Sensory-based therapies involve activities that are believed to organize the sensory system by providing vestibular, proprioceptive, auditory, and tactile inputs. Brushes, swings, balls, and other specially designed therapeutic or recreational equipment are used to provide these inputs.
Sensory processing disorder is a condition in which the brain has trouble receiving and responding to information that comes in through the senses. People with SPD may misinterpret everyday sensory information, such as touch, sound and movement. This means that a child with sensory processing disorder finds it difficult to process and act upon the information received through his senses via sounds, movements, touch, smell and taste.
AN EXAMPLE: Aman has trouble sitting in class. He wants to look at the teacher but everything else catches his attention. He squints as the lights are too bright. He wants to write but he applies too much pressure and breaks his pen.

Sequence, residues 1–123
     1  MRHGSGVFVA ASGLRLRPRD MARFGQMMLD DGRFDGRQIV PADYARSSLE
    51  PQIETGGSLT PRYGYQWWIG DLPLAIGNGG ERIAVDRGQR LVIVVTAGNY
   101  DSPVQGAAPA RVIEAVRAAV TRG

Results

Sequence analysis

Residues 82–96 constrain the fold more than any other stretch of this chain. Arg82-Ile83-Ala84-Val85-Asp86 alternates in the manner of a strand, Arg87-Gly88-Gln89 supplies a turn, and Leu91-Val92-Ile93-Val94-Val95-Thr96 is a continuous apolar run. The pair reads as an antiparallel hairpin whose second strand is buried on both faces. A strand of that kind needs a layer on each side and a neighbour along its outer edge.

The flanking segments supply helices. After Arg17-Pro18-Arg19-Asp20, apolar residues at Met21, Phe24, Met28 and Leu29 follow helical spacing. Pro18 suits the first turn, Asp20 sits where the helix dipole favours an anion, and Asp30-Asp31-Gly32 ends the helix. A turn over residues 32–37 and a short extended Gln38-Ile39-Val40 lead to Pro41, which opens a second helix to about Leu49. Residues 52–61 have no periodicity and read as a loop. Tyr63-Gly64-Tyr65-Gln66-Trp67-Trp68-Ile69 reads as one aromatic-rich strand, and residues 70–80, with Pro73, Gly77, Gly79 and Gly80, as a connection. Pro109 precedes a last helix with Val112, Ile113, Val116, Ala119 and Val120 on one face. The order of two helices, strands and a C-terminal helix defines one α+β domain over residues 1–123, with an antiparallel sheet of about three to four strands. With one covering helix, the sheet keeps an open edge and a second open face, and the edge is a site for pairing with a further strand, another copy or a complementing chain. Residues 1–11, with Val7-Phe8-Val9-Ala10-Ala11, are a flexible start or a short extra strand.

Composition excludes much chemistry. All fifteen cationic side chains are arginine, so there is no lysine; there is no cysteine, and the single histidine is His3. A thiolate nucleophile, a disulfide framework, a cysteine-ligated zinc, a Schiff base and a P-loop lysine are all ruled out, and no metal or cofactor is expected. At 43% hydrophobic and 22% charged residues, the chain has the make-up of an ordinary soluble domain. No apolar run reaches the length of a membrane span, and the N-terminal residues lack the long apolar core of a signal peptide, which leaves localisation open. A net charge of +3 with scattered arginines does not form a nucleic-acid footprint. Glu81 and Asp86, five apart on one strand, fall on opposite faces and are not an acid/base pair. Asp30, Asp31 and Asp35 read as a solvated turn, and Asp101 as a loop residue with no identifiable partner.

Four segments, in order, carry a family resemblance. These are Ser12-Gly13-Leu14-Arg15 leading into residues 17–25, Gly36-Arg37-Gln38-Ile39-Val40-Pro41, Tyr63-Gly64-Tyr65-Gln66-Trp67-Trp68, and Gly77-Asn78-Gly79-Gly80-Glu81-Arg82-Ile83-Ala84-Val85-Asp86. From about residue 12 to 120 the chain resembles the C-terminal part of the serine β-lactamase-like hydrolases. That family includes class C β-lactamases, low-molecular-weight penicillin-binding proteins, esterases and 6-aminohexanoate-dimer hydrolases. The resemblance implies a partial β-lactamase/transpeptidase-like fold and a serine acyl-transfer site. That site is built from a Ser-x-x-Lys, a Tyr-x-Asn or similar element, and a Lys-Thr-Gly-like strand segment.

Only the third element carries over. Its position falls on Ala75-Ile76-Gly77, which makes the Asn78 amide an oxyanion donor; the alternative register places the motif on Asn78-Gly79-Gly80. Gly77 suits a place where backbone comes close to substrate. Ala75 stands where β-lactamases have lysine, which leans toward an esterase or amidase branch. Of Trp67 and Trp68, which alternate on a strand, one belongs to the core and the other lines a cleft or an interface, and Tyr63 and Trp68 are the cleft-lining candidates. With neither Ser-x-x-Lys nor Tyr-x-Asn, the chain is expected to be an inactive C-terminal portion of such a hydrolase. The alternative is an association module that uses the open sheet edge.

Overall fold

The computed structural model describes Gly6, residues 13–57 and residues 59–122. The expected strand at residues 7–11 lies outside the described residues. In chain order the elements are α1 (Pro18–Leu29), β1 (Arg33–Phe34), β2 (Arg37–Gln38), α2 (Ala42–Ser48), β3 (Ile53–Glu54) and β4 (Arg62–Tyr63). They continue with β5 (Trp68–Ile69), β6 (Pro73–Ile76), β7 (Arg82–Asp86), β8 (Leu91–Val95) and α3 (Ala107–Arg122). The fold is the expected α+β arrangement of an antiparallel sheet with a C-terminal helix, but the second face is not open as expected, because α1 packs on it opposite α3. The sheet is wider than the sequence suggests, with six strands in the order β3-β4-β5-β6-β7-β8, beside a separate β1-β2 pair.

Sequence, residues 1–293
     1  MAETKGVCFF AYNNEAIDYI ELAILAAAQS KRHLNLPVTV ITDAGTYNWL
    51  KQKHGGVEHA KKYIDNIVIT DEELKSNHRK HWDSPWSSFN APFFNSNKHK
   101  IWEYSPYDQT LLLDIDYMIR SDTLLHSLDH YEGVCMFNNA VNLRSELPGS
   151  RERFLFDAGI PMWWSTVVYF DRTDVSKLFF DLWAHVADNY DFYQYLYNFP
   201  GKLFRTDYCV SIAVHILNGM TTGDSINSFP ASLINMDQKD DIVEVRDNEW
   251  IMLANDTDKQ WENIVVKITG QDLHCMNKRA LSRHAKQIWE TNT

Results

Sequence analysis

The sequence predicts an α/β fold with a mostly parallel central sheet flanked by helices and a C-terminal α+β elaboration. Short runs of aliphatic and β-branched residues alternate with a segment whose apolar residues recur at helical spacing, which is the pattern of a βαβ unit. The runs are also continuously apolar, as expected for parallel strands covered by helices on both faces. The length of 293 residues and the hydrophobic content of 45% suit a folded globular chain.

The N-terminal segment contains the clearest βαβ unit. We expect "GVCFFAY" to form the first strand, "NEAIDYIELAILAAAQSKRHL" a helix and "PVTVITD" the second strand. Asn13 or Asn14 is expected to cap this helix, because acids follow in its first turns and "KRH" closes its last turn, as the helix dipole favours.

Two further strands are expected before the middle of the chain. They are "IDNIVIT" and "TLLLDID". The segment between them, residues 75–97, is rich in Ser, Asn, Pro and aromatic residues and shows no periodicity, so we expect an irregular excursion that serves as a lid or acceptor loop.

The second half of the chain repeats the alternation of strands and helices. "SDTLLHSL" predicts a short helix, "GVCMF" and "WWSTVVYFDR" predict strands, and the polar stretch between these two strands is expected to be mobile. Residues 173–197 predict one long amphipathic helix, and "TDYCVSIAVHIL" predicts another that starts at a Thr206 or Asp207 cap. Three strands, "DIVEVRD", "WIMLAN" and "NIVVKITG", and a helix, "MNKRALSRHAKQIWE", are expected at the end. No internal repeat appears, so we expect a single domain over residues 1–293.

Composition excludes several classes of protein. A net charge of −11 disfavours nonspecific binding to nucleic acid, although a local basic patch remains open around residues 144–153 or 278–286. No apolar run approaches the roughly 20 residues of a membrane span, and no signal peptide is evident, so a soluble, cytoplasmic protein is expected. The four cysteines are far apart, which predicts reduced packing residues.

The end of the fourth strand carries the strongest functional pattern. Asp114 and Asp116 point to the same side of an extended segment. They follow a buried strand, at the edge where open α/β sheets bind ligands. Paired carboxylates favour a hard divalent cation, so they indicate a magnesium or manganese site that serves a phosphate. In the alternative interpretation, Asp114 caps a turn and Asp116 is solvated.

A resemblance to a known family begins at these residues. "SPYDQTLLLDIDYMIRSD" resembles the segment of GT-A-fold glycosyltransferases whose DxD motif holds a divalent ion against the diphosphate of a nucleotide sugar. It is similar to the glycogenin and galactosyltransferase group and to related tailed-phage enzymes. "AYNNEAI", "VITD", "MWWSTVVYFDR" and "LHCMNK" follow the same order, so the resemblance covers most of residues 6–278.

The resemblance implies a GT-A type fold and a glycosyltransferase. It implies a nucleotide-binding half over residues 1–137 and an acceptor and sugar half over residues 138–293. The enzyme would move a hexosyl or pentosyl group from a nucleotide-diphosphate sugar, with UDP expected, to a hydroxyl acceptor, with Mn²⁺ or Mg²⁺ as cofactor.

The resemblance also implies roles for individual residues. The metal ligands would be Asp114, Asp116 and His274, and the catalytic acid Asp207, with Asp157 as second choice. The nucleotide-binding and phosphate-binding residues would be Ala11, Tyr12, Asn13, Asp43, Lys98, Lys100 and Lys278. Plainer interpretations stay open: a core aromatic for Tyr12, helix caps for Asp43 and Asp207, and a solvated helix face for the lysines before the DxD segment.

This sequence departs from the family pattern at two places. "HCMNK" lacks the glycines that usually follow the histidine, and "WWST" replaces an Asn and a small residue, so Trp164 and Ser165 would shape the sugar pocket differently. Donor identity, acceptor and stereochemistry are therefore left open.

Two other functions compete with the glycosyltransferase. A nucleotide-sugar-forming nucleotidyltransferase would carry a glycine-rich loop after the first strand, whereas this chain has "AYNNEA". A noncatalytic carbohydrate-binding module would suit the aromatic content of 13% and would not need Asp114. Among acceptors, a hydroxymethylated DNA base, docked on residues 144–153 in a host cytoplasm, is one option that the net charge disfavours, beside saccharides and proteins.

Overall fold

We all have sensory preferences. However it becomes a disorder only when it significantly affects one or more areas of functioning and hinders our day to day life.
Some of the Red Flags of SPD not to ignore are:
Sensory processing affects the behavior in the following steps: